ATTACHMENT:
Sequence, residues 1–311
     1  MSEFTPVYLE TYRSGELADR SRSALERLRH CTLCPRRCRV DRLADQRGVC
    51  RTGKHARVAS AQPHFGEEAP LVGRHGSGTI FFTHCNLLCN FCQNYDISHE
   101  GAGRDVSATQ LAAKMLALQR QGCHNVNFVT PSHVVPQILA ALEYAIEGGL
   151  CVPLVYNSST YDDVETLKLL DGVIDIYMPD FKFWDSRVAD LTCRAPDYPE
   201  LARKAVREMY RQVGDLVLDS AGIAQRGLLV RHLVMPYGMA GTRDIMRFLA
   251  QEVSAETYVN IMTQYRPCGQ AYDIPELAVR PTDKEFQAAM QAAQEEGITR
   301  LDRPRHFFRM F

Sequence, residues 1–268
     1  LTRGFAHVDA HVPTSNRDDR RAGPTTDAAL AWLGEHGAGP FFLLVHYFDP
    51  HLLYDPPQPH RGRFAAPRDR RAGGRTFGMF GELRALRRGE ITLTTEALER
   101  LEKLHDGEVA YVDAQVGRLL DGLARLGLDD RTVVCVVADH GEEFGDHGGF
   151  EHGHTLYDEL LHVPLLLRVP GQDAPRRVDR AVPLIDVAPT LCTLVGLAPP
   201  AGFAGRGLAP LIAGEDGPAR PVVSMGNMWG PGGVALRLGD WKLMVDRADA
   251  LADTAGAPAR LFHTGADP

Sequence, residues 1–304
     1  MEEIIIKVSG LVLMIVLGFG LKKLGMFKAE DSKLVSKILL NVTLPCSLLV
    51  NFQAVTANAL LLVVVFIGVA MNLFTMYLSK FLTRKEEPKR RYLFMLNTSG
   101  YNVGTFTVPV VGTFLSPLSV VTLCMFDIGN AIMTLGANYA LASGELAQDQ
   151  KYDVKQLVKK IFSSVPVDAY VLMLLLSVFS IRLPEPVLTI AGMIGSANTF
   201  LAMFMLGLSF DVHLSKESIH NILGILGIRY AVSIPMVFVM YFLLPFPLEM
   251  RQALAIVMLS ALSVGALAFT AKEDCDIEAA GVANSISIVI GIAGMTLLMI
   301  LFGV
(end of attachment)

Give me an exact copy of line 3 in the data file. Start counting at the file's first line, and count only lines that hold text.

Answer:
    51  RTGKHARVAS AQPHFGEEAP LVGRHGSGTI FFTHCNLLCN FCQNYDISHE